It’s that time of year – time to look back at 2013. One energy efficiency deal stands out: In August, the New York State Energy Research and Development Agency quietly sold a pool of efficiency loans to investors. Selling loans is unremarkable on its own, but the way NYSERDA made this deal work was genuinely innovative and offers important lessons to other states, cities, and utilities for 2014 and beyond.
Background on the loan program before getting to the innovation...
NYSERDA’s efficiency loan program is typical – they make loans to utility customers to cut energy waste by repairing or improving their property, such as by adding insulation, repairing weather sealing, or replacing an air conditioner with a high efficiency model. Their loans are generally unsecured (like a credit card), but the model would also work well with loans secured by a lien (like a conventional “home equity” loan). NYSERDA also offers an on-bill loan, which means the monthly loan payments are charged on the customer’s utility bill. Loans can be made to residential and commercial customers. (Click for more on NYSERDA's loan programs).
NYSERDA makes efficiency loans using a revolving loan fund -- money goes to the customer (or to the customer’s contractor) from a large fund, and borrowers’ monthly loan payments then replenish the fund over the many years. The total volume of loans that can be made from a fund of any size is limited by the pace of repayments.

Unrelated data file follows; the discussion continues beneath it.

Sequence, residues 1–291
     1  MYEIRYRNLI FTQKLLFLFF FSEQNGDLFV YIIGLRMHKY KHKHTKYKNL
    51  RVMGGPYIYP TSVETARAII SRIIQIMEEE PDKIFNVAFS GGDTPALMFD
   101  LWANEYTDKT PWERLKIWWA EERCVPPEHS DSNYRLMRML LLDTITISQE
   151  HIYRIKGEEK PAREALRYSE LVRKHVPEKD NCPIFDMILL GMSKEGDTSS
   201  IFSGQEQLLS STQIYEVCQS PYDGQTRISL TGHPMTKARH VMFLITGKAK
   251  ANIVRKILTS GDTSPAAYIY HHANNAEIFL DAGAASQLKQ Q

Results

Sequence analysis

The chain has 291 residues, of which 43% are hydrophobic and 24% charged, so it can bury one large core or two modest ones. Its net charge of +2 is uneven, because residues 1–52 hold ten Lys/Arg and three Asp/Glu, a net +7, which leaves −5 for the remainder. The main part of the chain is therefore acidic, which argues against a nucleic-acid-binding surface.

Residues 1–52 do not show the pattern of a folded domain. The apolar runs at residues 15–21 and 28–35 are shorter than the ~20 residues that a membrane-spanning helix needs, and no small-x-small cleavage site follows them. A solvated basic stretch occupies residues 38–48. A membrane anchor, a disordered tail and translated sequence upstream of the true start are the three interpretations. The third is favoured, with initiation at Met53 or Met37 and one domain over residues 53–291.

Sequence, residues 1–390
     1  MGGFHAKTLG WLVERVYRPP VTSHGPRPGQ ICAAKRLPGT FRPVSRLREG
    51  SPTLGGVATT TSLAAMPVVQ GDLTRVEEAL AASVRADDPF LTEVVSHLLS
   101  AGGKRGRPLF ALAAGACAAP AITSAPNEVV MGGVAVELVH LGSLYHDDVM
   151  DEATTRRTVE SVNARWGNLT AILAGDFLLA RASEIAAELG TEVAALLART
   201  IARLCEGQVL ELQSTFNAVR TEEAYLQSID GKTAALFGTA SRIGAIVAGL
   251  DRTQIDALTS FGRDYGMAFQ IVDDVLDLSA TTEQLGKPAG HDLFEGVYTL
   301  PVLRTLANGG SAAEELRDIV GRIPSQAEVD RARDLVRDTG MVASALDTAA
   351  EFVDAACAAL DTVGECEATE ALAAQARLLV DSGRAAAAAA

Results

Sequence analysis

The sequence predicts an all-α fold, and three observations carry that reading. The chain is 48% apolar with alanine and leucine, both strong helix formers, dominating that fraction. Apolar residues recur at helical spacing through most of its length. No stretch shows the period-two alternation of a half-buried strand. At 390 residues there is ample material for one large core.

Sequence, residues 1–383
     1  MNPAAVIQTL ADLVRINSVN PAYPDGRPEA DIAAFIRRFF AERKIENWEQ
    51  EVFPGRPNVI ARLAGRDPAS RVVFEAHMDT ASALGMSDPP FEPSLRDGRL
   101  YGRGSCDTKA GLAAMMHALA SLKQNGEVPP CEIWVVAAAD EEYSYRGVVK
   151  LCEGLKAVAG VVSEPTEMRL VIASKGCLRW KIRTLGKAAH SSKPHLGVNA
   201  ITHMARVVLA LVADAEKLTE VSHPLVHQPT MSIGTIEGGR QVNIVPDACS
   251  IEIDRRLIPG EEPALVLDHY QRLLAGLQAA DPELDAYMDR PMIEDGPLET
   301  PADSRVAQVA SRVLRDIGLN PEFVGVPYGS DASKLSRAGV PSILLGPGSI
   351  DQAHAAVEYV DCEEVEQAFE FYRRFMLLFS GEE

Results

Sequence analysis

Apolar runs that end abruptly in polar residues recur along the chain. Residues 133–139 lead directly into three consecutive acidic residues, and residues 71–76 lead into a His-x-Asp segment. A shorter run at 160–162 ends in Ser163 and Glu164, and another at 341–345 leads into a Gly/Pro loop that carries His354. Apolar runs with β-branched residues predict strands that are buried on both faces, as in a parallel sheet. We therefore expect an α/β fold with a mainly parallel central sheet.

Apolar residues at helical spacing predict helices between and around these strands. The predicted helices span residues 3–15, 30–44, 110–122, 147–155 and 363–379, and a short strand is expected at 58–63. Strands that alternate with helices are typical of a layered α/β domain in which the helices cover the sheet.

Selling the loans is a powerful tool -- NYSERDA immediately recovers the entire loan balance, and it can turn to make new loans right away. This enables much greater loan volume from the same fund.
Selling loans has been a longstanding goal for many efficiency programs. The challenge has been finding investors interested in buying and holding loans of this kind at a price that works. Investors have not exhibited an appetite for home improvement loans or small commercial loans with credit risks, low loan balances, and uncertainty.
Now, for the innovation...
New York, like all states, maintains a large fund to finance water projects (it's confusingly called the State Revolving Fund or SRF). It is capitalized by regular federal and state contributions. New York’s SRF has net assets over $5.0 billion. North Carolina’s SRF, for instance, has net assets of about $1.0 billion. These large funds have been used for years to make direct loans, at low interest rates, to municipalities or other entities to finance water improvement projects. For example, a city could borrow from the state SRF to fund a waste-water treatment plant then repay over time at lower cost than issuing bonds. (For more on how the SRF works, click here).
NYSERDA's innovation was to turn to the NY SRF to serve as a backstop for the efficiency loan sale. The State of New York essentially promised investors purchasing the efficiency loans that if NYSERDA were unable to fulfill any of its promises regarding the efficiency loans, the SRF funds would cover the commitment. It’s like a parent co-signing a loan.
This guarantee allows NYSERDA to the sell loans to more investors at a better price. As a result, NYSERDA can make more efficiency loans at a lower price to customers for efficiency improvements. (For more detail on how the deal was put together and the other agencies that made the deal work, see this good paper by CE+BFI)